I started my "career" as an intern for Enterprise Rent-A-Car. That summer washing cars while wearing heels and hose (pantyhose that is) left a mark. I not only had to deal with people who were having a hard time (dealing with car accidents and insurance and all of the administrative headaches is a pain), but they were often not there because they wanted to be. I remember wishing I had been put at the airport location, not my suburban local next to the car repair places.
One of the things I learned quickly was that I don't have patience for people who don't follow the rules or read directions. I remember people expecting me to let them drive a car off the lot without collecting a credit card or a driver's license number, because "they paid good money for insurance that was supposed to cover all of it." This is one of the reasons that upon the internship conclusion, I didn't seek a full-time job with Enterprise.
Good Service is Knowing When to Say No
But you know what makes a difference to great organizations, especially startups? It's service. People who can serve their customers with a smile, no matter how ridiculous request, are going to make or break your organization. I would like to make a VERY LARGE POINT here that "service" doesn't always mean saying "yes." Service means actually serving your customer. Making them better at what they do. It may mean saying to a customer "you know what, we aren't going to be a good fit for you anymore." It could mean patiently educating a customer on the fact that the way they are tracking their marketing effectiveness isn't going to help them move the revenue needle, so maybe there are other metrics to consider.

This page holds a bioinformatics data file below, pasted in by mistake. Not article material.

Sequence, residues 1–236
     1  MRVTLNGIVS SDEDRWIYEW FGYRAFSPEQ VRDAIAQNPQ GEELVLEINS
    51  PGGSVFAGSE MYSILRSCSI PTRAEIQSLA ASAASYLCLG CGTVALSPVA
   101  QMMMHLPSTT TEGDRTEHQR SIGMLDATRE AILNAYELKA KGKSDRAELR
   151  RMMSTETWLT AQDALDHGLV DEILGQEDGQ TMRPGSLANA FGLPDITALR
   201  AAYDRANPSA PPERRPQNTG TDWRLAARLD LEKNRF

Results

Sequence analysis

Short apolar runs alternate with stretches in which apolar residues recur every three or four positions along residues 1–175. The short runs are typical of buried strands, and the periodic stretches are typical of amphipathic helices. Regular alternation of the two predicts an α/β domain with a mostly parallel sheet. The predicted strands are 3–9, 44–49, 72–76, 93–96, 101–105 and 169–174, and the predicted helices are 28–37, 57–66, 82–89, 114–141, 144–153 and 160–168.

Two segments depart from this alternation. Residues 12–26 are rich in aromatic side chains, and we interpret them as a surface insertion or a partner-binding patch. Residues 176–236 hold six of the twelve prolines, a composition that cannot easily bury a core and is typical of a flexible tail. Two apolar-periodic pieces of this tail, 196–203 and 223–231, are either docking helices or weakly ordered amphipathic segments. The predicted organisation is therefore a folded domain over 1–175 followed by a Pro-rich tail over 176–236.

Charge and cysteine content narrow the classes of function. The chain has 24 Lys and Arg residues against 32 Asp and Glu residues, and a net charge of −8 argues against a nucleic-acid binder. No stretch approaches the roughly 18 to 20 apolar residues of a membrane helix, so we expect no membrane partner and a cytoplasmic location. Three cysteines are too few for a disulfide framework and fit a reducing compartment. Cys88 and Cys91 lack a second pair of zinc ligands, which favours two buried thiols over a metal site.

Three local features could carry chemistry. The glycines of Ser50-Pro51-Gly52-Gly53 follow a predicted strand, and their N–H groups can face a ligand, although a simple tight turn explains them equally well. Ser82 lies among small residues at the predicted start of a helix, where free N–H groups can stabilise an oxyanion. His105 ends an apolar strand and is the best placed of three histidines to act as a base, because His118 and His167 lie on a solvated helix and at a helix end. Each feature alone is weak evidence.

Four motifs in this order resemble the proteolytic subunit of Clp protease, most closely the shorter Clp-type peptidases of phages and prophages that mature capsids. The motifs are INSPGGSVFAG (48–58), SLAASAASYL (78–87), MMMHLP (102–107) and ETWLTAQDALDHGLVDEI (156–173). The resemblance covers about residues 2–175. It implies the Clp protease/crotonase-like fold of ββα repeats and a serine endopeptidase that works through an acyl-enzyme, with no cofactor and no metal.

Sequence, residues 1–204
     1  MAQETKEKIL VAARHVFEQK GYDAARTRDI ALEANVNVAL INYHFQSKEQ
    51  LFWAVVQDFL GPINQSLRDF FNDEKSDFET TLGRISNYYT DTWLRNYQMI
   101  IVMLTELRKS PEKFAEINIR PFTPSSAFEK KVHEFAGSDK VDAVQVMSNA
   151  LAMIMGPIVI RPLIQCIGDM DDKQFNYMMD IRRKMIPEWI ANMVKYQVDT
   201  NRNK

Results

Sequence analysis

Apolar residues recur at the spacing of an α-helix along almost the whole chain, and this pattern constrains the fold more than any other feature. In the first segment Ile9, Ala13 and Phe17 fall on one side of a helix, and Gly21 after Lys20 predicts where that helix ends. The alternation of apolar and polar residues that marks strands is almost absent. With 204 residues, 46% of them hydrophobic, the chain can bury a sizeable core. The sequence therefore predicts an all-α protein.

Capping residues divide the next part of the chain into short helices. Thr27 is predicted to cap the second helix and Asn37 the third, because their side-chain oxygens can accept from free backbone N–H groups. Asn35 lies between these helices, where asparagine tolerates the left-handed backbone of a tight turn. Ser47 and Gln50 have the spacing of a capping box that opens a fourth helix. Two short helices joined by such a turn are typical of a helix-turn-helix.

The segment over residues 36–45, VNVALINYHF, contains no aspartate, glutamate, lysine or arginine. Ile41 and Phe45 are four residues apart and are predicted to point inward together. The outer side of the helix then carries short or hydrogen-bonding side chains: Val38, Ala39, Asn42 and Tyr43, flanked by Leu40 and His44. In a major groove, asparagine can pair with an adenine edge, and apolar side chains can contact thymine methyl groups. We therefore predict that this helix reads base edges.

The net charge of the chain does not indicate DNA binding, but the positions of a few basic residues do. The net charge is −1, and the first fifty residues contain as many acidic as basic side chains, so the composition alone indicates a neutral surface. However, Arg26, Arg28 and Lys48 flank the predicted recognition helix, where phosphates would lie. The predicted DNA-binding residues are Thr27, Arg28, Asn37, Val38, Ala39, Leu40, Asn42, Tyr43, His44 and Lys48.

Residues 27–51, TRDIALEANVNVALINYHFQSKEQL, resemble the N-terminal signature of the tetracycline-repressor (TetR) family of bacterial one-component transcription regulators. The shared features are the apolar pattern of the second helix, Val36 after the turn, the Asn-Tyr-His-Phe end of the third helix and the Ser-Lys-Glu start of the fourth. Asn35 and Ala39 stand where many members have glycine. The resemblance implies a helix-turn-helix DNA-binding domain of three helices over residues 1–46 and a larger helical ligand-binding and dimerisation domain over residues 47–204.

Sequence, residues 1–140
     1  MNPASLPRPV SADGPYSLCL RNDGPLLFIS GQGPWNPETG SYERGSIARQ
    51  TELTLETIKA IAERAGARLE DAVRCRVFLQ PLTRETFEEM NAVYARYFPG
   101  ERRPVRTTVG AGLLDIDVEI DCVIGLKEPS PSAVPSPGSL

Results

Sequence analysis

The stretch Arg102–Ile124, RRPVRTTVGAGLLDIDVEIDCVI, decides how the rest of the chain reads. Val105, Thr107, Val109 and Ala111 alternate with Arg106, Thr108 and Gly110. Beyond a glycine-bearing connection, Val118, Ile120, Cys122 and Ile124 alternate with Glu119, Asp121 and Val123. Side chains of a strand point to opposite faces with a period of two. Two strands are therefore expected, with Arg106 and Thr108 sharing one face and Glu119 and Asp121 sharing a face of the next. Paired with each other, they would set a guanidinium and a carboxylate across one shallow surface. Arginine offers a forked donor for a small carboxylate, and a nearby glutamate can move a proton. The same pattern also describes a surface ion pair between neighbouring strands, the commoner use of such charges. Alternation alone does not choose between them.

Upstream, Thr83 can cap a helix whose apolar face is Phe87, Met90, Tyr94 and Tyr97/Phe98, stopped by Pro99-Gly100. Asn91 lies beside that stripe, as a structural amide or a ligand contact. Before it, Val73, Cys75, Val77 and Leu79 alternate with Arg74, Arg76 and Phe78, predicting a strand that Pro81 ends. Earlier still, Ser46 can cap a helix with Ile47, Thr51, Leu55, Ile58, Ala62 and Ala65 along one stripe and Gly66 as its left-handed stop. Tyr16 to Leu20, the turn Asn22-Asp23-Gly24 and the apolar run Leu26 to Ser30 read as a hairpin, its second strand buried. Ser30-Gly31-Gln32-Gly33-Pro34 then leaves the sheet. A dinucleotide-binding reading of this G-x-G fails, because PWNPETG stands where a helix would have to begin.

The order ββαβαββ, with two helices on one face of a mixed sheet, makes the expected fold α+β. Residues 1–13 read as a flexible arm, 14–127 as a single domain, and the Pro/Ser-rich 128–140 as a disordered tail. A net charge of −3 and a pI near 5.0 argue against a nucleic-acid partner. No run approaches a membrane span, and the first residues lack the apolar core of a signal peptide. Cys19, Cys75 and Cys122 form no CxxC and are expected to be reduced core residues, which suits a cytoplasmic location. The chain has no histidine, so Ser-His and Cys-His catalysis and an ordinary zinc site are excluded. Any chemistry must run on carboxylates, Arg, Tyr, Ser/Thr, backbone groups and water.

Good Service will Make or Break your Brand
I was reminded of this tidbit when I went to buy ski boots last weekend. I walked to this well known local shop that specializes in backcountry gear. I knew they were having a sale on boots and I wanted to see if they had a pair in my size. I ended up having a 20 minute conversation and fitting with Ed, their bootfitter. And you know what happened? I didn't buy boots. You know where I will buy all my outdoor gear from here on out? From Ed at Pine Mountain. You know why? Because his service level was unparalleled. He took the time to explain my options. He told me where to find boots in town. Great service is now the first thing I think of when I think of Pine Mountain sports in Bend.
Hiring great service people
- Educate them on CLV: a customer's lifetime value is important for everyone to understand but especially the service teams. They will have a better understanding of the "value" of the customer if they understand the "cost."
- Pay them well: these folks have the power to make or break your startup, and they have to put up with some crazy stuff, especially since you might be a super early MVP kind of startup. Account for that in pay. Make sure they know they are valued.
- Reward them for making the right decision for the business: in addition to base pay, consider MBOs that map to corporate goals around CLV and quality client retention.
- Empower them to make decisions about their clients and their service levels: Nordstrom and Zappos to a great job of this. Give your front line managers, the ones that deal with customers the most the power to really impress the customer if necessary or appropriate.
- Look for good listeners who are better discerners: It's important to listen in client services. It helps when the person at the other end of the line at least pretends to care, and the only way to at least fake caring is to start by listening. But, what your company will really benefit from is someone who can discern what the client is really upset about and help the client learn or help the company cut the cord.
What's your experience been with service? How important is it for startups to focus on service above all else?